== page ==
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Waiting For Fintech – A Money/2020 Reflection
The future or innovation is global. We discuss it here.
This piece was first published on my Forbes column here.
This year’s Money20/20 wrapped up last week. The mood was palpably different than in years past. Certainly not somber, but neither was it ebullient.
It had the feeling of waiting – waiting to see what the public markets might bring in terms of stock recovery or new IPOs, waiting to see whether any of the historically transformative technologies would actually pan out (think crypto), waiting to see whether mainstream venture capital would return. Waiting.
To give you a flavor about what we might be waiting for, I asked leading venture capitalists and CEOs of fintechs for their reflections.
Here are five.
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1. New Areas Continue To Emerge
The last decade in fintech brought us mass-scale digitization of every major product category – from life insurance to home insurance, mortgages to buy-now-pay-later, checking accounts to roboadvisors and more.
Some ask, what’s next?
Perhaps the area with the most enthusiasm is embedded fintech. Simon Khalaf, the CEO of Marqeta, explained why: “embedded finance will exceed $7 trillion of total US financial transactions” (up from $2.6 trillion, referencing Bain research).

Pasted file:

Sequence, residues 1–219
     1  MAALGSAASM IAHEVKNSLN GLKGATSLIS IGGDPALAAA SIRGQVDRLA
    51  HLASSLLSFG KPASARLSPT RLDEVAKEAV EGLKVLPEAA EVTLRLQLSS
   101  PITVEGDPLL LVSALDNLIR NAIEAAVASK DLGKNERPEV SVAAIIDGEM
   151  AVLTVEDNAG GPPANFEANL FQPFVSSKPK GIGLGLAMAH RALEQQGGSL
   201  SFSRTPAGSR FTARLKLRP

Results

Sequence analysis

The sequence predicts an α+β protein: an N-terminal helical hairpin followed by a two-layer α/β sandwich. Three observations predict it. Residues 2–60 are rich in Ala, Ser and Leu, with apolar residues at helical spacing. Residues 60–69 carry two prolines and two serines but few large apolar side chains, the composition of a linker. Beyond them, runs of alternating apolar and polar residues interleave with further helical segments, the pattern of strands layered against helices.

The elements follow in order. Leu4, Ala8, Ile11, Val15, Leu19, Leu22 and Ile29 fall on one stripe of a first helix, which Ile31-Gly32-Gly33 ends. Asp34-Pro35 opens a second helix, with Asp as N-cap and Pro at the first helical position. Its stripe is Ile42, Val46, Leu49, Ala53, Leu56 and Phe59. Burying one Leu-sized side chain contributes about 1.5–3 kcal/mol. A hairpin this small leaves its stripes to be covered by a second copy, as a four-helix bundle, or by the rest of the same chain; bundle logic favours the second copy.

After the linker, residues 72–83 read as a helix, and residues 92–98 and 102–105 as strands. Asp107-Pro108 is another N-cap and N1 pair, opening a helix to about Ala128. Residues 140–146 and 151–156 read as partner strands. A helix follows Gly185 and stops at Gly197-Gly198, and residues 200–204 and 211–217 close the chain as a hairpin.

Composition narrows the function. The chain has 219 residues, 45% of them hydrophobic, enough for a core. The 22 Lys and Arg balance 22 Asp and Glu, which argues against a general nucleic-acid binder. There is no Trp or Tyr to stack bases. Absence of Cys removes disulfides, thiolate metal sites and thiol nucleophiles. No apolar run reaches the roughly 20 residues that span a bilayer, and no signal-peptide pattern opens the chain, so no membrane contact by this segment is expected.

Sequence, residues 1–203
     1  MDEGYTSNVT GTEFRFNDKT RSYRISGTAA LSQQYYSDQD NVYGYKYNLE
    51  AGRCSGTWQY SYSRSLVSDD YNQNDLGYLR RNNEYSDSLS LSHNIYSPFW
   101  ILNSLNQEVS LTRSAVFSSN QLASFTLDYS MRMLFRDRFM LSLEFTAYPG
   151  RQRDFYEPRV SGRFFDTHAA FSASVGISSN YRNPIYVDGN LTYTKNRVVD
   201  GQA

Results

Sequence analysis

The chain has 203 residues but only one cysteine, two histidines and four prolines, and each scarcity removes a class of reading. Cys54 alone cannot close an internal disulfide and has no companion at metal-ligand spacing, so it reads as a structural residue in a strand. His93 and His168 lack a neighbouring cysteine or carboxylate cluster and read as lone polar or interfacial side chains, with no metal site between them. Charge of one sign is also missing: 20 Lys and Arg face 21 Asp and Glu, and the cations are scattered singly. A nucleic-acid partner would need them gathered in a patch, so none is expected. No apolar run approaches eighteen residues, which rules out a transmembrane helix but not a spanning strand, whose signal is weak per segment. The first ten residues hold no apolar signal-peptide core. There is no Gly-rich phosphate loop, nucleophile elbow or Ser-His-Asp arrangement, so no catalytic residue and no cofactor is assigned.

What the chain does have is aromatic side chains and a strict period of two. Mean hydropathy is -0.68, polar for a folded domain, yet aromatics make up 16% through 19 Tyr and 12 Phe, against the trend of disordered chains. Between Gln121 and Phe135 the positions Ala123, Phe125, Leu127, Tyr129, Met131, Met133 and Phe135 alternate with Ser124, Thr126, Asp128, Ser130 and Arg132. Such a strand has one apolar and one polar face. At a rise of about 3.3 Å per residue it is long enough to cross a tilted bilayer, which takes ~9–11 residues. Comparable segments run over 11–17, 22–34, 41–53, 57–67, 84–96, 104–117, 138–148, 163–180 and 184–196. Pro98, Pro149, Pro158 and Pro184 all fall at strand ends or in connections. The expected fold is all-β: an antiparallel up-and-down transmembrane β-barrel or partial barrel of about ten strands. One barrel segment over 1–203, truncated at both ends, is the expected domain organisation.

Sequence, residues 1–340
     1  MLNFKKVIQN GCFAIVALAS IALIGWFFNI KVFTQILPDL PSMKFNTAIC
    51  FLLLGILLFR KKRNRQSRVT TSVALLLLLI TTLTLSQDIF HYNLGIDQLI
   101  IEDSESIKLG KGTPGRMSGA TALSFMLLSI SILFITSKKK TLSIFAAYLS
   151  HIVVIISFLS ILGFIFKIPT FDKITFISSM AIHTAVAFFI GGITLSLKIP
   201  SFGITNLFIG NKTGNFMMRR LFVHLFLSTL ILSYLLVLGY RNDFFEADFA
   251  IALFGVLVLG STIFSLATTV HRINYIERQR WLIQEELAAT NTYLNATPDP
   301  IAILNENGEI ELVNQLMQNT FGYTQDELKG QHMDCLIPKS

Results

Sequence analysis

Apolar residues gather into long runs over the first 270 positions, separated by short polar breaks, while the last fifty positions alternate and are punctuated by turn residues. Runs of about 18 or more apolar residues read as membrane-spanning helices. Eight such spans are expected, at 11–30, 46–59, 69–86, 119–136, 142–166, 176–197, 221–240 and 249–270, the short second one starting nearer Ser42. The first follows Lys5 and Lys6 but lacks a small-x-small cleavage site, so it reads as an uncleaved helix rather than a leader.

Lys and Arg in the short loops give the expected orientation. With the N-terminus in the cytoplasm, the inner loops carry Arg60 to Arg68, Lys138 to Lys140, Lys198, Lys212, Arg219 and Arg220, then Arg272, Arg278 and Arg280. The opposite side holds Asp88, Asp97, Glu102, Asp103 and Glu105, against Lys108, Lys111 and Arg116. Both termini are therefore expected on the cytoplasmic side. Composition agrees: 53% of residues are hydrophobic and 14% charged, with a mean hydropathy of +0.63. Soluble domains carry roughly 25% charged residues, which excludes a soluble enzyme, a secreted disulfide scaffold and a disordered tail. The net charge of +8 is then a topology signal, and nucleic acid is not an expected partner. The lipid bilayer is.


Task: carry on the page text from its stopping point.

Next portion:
Many venture capitalists stressed the role of vertical software (think Toast for restaurants) as a channel to repackage financial services into the experience. This is becoming an area of interest in every major vertical.
The last few years saw unprecedented venture investment in global fintech. Many of these new geographies have unique needs. Carlos Alonso-Torras from Fintech Collective noted specific LatAM solutions in fraud and compliance where “the amount of fraud incidences across fintech companies is growing quickly.”
2. Realism About The Next Hyped Technology
Crypto was all the range in previous Money2020s. This time, it was Generative AI.
But where will it actually matter?
As Adam Coccari of IntuitINTU +1.3% described the likely phased impact: “For banks and wealth managers, it is starting to be adopted now for internal functions such as research, knowledge management, and cost centers like customer service with fewer regulations and a lower bar for accuracy. On the business side, companies will start by providing co-pilots within applications.”
Generative AI (like crypto and all other hyped technologies before it) will not a panacea. And in particular for financial services. Simon Khalaf told me “AI has a higher bar in financial services. Generative AI typically generates content, but in financial services, it has to improve users' financial well-being.”
Yet this remains a place startups will have an advantage in fintech. Adam adds: “Startups will be more comfortable operating in gray areas in the near-term and will be the first to experiment using AI for things like financial and investment advice to consumers. They will push the boundaries … Banks will watch carefully and adopt these features as consumer trust and regulations adapt.”